Marc Berley

The boy who taught you
addiction was gone like a rainbow,
the lilt of his anxious singing
quiet like the night’s sharp noise.

At summer camp you swam
naked before the sun was up:
caught lice, a snake, and a bug
for theatrical pauses in your day.

History plagues you like the plague.
You limp with the pain of facts.
Your Achilles heel is torn from sex;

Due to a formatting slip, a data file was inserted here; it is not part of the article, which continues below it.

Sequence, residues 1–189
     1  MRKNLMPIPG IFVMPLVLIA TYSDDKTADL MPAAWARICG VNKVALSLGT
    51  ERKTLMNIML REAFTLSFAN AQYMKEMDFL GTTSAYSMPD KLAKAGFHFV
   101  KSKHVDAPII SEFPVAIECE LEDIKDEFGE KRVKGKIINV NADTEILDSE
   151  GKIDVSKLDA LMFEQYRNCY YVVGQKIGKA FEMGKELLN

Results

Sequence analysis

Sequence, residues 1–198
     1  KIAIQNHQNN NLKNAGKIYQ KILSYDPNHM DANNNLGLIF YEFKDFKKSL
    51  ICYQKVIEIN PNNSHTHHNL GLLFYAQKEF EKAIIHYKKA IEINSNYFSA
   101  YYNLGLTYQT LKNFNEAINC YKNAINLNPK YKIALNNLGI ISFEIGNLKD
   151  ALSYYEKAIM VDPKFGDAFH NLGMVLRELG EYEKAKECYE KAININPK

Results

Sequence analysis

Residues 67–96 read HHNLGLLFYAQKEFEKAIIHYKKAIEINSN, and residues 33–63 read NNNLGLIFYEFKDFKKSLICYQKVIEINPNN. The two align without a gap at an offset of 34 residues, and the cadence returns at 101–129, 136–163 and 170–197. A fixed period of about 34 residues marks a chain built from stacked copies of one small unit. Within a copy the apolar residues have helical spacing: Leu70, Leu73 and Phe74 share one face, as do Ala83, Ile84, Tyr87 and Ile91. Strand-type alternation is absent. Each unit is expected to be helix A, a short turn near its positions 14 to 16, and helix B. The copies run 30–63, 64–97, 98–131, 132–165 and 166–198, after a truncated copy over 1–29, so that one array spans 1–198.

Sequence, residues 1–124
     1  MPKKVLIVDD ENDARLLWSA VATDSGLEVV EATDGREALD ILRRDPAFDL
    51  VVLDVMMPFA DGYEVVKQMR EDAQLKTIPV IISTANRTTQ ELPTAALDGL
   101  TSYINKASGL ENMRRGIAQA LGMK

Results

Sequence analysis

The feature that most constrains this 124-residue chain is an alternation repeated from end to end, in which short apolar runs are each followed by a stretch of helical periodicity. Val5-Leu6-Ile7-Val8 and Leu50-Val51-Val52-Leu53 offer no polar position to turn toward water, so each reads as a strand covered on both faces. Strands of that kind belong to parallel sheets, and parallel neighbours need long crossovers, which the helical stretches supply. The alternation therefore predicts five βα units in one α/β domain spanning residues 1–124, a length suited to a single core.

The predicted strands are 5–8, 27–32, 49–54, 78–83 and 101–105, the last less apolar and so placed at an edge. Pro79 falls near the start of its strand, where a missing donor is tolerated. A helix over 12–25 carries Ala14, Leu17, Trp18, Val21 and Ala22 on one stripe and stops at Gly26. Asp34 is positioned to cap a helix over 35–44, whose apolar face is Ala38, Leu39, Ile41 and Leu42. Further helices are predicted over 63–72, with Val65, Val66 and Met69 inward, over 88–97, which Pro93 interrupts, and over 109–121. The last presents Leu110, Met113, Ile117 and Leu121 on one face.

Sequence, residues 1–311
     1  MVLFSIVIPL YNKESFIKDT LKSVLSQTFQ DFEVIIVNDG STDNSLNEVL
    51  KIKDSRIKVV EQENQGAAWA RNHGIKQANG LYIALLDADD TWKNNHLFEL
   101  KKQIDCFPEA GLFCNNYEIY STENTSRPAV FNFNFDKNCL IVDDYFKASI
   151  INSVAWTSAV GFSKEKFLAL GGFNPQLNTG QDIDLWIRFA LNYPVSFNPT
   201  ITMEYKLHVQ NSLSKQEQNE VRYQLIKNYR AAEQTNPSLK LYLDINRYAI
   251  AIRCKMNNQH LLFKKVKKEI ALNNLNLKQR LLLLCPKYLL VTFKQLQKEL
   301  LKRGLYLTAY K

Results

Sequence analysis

you told the doctor you were dancing.

Marc Anthony was lame in his way
too, as was Cleopatra. You know how
to lie to yourself without lying.
Ice cream no longer soothes you.

A lover barks at you like the dog
that died beneath your feet,
a bend of blood upon the road, brave
car chaser, gospel of your youth.

You cease to hope for craven comforts.
Acupuncture finds the tiny holes
in your soul and renames them as meridians,
turning you into a shaken snow globe.